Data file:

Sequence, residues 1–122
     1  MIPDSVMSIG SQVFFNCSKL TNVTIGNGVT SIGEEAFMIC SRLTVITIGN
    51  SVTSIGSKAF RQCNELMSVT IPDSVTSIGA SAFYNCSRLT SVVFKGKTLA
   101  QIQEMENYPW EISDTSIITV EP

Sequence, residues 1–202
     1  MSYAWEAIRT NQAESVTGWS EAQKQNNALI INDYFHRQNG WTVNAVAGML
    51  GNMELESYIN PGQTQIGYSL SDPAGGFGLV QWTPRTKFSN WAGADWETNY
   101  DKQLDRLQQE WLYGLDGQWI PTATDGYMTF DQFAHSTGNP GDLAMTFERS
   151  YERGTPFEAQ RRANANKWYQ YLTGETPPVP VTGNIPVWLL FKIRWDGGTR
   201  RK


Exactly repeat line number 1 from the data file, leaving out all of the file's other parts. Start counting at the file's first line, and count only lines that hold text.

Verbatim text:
Sequence, residues 1–122